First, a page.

The big picture is illustrated in the following diagram:

Dart Event Loop

Your app spends most of its time in this event loop, running code for microtasks and events. When nothing urgent needs attention, things like the garbage collector for freeing up unused memory may be triggered. But what do these microtasks and events look like?


Microtasks are intended to be very short code tasks that need to be executed asynchronously, but that should be completed before returning control to the event loop. They have a higher priority than events, and so are always handled before the event queue is checked. It's relatively rare for a typical Flutter or Dart app to add code to the microtask queue, but doing so would look something like this:

void updateState() {
  myState = "New State";
  scheduleMicrotask(() {

You pass scheduleMicrotask() a function to be run. In the example, we've passed an anonymous function with just one line of code, which calls the fictional rebuild() function. The anonymous callback will be executed after any other waiting microtasks have completed, but also after updateState() has returned, because the execution is asynchronous.

It's very important to keep microtask callbacks short and quick. Since the microtask queue has a higher priority than the event queue, lengthy processes executing as microtasks will keep standard events from being processed, which may result in an unresponsive application until processing completes.

Microtasks won't be a concern for most apps, but your apps will constantly interact with the event queue.


Once there are no more microtasks waiting for attention, any events sitting in the event queue are handled. Between the times your app starts and ends, many events will be created and executed.

Some examples of events are:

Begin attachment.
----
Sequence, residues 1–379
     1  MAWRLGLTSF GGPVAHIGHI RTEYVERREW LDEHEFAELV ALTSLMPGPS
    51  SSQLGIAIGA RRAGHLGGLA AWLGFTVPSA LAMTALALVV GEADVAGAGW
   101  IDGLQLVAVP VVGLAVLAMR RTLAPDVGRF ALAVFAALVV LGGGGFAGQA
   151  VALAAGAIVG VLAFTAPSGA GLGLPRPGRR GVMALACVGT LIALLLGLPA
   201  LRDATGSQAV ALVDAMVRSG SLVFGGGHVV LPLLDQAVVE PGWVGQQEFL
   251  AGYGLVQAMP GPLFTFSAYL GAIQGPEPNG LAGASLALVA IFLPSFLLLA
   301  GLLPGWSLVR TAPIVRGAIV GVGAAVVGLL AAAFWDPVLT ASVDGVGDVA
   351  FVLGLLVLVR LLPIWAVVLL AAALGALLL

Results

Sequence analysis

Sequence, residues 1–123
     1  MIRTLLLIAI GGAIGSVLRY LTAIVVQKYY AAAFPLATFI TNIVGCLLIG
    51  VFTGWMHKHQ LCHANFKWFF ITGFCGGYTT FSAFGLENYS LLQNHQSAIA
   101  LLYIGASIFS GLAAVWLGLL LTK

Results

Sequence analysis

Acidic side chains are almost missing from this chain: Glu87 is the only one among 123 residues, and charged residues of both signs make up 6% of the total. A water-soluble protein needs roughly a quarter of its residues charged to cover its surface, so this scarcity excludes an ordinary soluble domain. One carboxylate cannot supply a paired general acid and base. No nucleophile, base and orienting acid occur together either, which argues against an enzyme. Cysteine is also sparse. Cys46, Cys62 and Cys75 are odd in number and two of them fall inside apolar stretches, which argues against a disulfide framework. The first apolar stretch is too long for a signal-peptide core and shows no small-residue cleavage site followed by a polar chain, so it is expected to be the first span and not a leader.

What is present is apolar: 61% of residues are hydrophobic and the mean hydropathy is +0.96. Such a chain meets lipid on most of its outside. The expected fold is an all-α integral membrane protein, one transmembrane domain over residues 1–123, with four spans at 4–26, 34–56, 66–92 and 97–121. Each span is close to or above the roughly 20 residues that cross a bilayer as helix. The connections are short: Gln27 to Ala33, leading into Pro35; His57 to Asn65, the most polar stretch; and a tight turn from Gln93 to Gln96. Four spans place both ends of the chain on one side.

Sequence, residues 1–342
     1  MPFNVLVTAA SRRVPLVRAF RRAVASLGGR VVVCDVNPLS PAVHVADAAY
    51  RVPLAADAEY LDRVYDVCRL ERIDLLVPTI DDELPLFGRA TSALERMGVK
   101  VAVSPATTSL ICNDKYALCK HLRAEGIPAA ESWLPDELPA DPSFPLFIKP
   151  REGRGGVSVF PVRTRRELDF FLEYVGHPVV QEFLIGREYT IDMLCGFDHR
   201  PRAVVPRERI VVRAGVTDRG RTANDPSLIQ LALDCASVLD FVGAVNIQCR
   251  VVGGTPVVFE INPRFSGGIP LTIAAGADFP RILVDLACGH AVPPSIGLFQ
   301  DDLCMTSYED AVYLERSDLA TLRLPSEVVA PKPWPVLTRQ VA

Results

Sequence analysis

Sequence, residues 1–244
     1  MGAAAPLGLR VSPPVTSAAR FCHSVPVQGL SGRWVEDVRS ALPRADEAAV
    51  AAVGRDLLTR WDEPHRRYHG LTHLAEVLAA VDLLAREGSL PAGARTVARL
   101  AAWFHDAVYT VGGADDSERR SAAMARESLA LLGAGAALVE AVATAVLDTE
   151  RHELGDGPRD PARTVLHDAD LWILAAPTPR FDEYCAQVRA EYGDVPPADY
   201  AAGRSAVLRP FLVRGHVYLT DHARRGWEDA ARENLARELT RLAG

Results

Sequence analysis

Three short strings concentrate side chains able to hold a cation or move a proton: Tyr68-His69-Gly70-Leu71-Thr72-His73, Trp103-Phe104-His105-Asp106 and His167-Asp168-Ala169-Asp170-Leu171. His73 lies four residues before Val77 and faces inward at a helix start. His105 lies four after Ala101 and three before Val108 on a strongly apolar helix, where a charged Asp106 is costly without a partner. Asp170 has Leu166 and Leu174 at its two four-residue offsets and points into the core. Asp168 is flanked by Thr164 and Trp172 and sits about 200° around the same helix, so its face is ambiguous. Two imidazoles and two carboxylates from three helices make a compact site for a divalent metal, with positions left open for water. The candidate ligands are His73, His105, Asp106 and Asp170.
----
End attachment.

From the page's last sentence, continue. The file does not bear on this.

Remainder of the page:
• User input (taps, clicks, keypresses, etc.): When users interact with your app, events are placed in the event queue, and the app is able to respond appropriately.
  • I/O with a local storage device or network: Getting or setting data over connections with latency are handled as asynchronous events.
  • Timers: Through events, code can be executed at a specific point in the future or even periodically.
  • Futures: When a future completes, an event is inserted into the event queue for later processing.
  • Streams: As data is added to a stream, listeners are notified via events.

When buttons get tapped by users or network responses arrive, code to be executed in response is entered into the event queue and run when it reaches the front of the queue. The same is true for futures that get completed or streams that acquire new values to disseminate. With this asynchronous model, a Dart program is able to handle events that occur unpredictably while keeping the UI responsive to input from users.


Now that you understand the basics of Dart's single-threaded isolates, and how microtasks and events enable asynchronous processing, you're ready to look at the ways the Flutter framework and Dart's core libraries use the language's asynchronous programming features: